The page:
Thursday, December 31, 2009

Christmas Science

New Year's Eve, 2009.

One of the things my wife and I enjoy doing on this day, when we get the chance, is to go back over the calendar and reminisce about the year gone by. It's surprising how this simple exercise allows you to feel how much you've lived, and not so much like, "where did the year go?"

One of the things that 2009 brought us is something they're calling "augmented reality." Cell phone software, GPS technology, and data from the Internet were being combined in new ways this year. For example, you point your cell phone camera down a street, the software and GPS figure out where you're at and which direction you're pointing, then provide data about the businesses and shops on that street, or tell you where the nearest subway station is located.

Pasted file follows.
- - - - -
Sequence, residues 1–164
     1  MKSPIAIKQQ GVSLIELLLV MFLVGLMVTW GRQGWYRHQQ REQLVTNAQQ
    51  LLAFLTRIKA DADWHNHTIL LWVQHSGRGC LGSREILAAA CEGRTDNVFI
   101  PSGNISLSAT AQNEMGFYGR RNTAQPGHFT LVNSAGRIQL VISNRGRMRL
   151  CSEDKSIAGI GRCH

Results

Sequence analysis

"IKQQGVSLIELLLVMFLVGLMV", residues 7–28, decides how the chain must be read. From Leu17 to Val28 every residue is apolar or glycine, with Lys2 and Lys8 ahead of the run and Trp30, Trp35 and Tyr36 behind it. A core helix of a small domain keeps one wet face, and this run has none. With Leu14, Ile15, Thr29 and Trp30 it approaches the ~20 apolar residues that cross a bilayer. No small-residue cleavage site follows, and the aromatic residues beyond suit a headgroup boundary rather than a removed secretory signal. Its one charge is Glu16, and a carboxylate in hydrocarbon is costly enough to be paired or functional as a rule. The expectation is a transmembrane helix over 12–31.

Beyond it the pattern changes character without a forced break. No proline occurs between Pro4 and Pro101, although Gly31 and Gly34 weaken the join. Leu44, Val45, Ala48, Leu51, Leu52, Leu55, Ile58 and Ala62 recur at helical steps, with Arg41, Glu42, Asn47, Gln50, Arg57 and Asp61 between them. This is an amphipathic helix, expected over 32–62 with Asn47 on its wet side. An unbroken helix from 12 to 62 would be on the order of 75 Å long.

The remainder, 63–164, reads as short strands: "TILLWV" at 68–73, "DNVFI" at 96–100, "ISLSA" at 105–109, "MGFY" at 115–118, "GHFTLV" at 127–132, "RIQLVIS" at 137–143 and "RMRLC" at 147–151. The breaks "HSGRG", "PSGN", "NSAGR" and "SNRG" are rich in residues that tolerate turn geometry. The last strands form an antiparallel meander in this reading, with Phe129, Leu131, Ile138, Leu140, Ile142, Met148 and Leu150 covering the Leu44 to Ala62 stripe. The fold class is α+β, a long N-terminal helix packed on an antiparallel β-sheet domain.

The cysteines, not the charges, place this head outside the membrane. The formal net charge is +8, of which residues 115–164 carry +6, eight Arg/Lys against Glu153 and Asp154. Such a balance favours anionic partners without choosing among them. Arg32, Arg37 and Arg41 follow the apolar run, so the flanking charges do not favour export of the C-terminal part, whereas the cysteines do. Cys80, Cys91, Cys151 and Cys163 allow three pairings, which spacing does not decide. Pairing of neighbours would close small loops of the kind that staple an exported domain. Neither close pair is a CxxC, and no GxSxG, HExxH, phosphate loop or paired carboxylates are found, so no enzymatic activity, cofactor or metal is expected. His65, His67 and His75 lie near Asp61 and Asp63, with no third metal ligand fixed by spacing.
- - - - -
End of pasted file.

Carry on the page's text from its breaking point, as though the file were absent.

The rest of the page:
The Christian Science Monitor is all over this, and if you click the link at the end of the article, you can see some videos about how this all works and what it looks like. Golly, even the U.S. Postal Service uses it these days.

Happy New Year, and party responsibly tonight!



Cat-repelling force fields for Christmas trees.

A V-chip that blocks television ads for toys in households with young children.

Biodegradable Christmas lights. Put 'em up, never take 'em down! They're still gone by mid-January!

Christmas trees built like umbrellas; room for more presents underneath.

Ejector seats in couches for guests who overstay their visit.

Battery Zapper: instantly drains the batteries of any device that emits an annoying sound.

[selected from Chris White's Top Five on Science]


WISDOM for YOUR WEEK: "These are a shadow of the things that were to come; the reality, however, is found in Christ." (Colossians 2:17)


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